The cost of a college education has soared in the past 20 years. According to the College Board, students in 1990 paid an average of just over $1,900 per year for in-state tuition at public four-year universities. In 2017, average tuition at those same schools was a bit shy of $10,000.
Many students turn to federal financial aid such as student loans or PELL grants to help pay for college. However, filling out the Required Free Application for Federal Student Aid, or FAFSA, can seem like a daunting process. Students and parents can use this guide to seamlessly navigate the entire FAFSA process, as well as gain crucial insight into common mistakes applicant’s make and expert advice about the FAFSA.
Below are many of the most common questions students and parents have about filling out the Free Application for Federal Student Aid. Read on to learn more about tips and strategies to successfully complete the FAFSA and avoid common missteps and miscues that can lead to delays in completing the document and receiving federal financial aid.
Student financial aid expert Mark Kantrowitz provides insight on many of these questions. Kantrowitz has written about financial aid for the New York Times, Wall Street Journal, Washington Post, Reuters, U.S. News & World Report, Money, Newsweek and Time. He also is the author of four bestselling books about financial aid.
Students who qualify as dependents must include their parent’s financial information so the federal government can determine the family’s ability to pay for college (called the Expected Family Contribution). However, in certain situations students are unable to include this crucial information. There are special circumstances in which dependent students still can submit a FAFSA without their parent’s financial data. Typically, however, the only aid most students who fall under these circumstances qualify for is unsubsidized Federal Stafford Loans. Students who qualify as independents don’t need their parent’s financial data to complete a FAFSA.
Many factors influence the date of aid disbursement, Kantrowitz notes. Aid disbursement varies by institution, by when students submit a completed FAFSA, and by when they are admitted into a college or university. Disbursement also varies for new students and for returning students, he adds. Students should strive to fill out the FAFSA as soon as possible on or after October 1. Students who submit a FAFSA near the Oct. 1 date and are admitted to an institution might receive an award package from their college in early March or late April of the following year. This award details costs of attendance, along with federal grants, loans, work-study and other forms of aid students are eligible to receive. Students have until May 1 to accept the offer — this date is known as national decision day, or national candidates reply date.
Yes. A FAFSA is only valid for a single year’s financial aid. However, renewing a FAFSA is much simpler since it’s fairly easy to copy key non-financial information over to a new FAFSA from year to year for applicants who completed their original FAFSA online.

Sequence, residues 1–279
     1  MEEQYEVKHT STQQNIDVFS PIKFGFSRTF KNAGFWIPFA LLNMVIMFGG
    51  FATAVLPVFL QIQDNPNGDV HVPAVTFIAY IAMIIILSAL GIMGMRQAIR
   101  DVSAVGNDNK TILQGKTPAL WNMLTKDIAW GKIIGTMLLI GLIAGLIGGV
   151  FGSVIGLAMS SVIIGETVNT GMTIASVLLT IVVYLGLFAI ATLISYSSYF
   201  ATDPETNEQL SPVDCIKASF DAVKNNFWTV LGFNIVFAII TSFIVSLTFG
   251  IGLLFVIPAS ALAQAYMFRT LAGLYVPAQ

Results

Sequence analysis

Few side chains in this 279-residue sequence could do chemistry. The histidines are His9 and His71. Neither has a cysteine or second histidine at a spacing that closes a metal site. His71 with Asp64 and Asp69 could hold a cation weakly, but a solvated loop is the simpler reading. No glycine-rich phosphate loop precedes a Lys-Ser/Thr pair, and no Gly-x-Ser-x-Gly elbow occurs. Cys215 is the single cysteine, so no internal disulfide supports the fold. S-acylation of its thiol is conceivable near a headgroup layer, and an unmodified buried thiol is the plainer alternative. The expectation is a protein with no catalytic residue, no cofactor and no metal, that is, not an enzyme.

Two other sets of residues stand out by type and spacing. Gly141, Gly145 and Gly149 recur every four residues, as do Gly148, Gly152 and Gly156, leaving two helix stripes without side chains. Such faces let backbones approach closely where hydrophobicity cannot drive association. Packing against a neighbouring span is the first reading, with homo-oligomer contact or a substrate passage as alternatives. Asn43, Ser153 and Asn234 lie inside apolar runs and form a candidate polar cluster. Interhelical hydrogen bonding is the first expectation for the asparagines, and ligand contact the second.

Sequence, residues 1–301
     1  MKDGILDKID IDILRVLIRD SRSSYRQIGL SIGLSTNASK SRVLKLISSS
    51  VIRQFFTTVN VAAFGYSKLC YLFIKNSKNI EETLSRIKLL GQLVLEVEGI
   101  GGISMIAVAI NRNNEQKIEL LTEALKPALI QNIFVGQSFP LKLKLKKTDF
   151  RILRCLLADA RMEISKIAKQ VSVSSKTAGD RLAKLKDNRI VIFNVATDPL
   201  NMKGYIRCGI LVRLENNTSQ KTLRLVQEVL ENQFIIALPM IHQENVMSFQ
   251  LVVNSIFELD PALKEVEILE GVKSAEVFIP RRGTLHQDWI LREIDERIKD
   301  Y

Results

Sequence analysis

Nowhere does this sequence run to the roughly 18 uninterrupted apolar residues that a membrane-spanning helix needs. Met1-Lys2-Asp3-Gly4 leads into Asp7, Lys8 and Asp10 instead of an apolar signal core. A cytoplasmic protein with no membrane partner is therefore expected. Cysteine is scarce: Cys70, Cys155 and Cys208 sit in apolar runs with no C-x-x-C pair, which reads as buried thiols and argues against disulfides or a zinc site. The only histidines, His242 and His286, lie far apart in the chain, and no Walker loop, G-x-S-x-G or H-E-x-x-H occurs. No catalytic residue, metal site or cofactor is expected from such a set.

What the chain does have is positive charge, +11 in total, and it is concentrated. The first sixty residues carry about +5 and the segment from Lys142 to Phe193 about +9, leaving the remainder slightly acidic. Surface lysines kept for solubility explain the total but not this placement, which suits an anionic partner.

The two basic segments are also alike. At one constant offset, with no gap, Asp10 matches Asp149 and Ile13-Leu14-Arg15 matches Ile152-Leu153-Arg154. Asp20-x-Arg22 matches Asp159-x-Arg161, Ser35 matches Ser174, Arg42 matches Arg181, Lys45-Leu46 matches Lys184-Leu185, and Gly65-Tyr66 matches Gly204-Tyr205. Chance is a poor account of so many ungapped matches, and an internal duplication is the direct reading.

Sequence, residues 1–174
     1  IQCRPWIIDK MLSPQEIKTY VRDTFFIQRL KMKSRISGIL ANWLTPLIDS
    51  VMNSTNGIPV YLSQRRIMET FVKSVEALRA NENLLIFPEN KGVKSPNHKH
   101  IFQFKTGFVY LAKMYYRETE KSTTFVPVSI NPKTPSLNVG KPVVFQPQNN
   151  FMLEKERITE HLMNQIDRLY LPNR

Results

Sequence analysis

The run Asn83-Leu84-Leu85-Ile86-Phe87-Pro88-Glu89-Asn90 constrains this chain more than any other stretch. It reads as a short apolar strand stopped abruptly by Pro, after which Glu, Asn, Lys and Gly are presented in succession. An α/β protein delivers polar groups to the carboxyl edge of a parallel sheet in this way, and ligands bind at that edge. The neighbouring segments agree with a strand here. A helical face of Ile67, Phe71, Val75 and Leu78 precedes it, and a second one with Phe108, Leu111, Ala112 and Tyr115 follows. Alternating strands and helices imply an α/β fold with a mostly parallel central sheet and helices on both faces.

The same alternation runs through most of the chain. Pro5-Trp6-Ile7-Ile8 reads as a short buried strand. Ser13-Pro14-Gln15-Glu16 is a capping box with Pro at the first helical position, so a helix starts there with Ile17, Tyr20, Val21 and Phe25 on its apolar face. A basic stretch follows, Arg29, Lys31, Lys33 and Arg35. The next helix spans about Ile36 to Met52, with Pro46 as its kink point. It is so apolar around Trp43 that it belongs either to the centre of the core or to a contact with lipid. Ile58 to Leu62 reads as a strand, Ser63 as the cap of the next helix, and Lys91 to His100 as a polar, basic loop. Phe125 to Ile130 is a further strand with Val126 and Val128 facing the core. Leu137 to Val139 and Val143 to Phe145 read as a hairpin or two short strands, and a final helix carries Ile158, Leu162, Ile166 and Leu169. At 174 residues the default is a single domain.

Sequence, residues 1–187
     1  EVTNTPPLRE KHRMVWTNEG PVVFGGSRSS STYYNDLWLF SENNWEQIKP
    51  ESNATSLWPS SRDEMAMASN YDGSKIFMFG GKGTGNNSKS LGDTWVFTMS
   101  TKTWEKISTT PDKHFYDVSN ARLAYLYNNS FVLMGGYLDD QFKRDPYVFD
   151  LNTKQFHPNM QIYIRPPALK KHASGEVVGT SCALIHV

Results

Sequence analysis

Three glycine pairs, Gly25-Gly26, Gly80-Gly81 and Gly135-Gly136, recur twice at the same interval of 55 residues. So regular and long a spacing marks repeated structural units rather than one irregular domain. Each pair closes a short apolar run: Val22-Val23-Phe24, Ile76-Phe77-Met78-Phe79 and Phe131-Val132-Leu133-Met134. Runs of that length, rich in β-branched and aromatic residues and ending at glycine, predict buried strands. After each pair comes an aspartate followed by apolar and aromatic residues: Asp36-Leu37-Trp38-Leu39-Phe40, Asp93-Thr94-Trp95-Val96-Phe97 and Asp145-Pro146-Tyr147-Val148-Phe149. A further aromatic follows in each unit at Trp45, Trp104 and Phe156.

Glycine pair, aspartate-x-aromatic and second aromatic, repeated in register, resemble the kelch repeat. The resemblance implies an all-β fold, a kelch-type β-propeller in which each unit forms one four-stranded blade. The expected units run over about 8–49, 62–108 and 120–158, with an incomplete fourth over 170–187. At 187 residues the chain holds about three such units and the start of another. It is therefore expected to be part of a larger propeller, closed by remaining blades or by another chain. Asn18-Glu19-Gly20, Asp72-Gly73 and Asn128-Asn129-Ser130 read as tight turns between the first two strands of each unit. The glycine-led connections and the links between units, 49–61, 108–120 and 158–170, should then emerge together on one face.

File the FAFSA first, and file as close to Oct. 1 as possible. “The early bird gets the grant,” Kantrowitz says. “You can file as late as the last day of classes, but there are about a dozen states that award on a first-come, first-served basis or until the money runs out.” While Pell grants and student loans don’t have limited funding, some forms of campus-based aid do because each college is awarded a fixed allocation of funds. When those funds are fully allocated, they are gone.
No. Students who seek federal financial aid must file a FAFSA; students who do not need or want federal or institutional aid are not required to file a FAFSA.
The Department of Education reports that most applicants can complete the process in under an hour – less for students who are doing a renewal FAFSA.
If students (and their parents for dependent students) are required to file a federal tax return, they must include that financial data on their FAFSA. Students who are required to file with the IRS and do not file a tax return will not be eligible for federal financial aid because of the conflicting financial information. The FAFSA uses tax returns from two years prior to the application date (called the prior-prior year formula, or PPY). Be sure to have this information on hand when filing out the FAFSA.
Students can fill out the FAFSA as early as October 1 for the next school year. For the 2018-2019 academic year, students can fill out the FAFSA from Oct. 1 of 2017 through June 30 of 2019, and for the 2019-2020 academic year from Oct. 1, 2018 through June 30 of 2020.
This is a bit of a tricky question, since there are many different aid programs, such as federal Stafford Loans, Pell grants, work-study, state grants and more. However, students’ (and parent’s for dependent students) income and asset information, along with certain demographic information, is used to calculate the Expected Family Contribution (EFC) – the measure of a family’s financial strength and its ability to pay for college. College financial aid departments determine student financial need, which is the cost of attendance minus the EFC. Student loans are not based on financial need.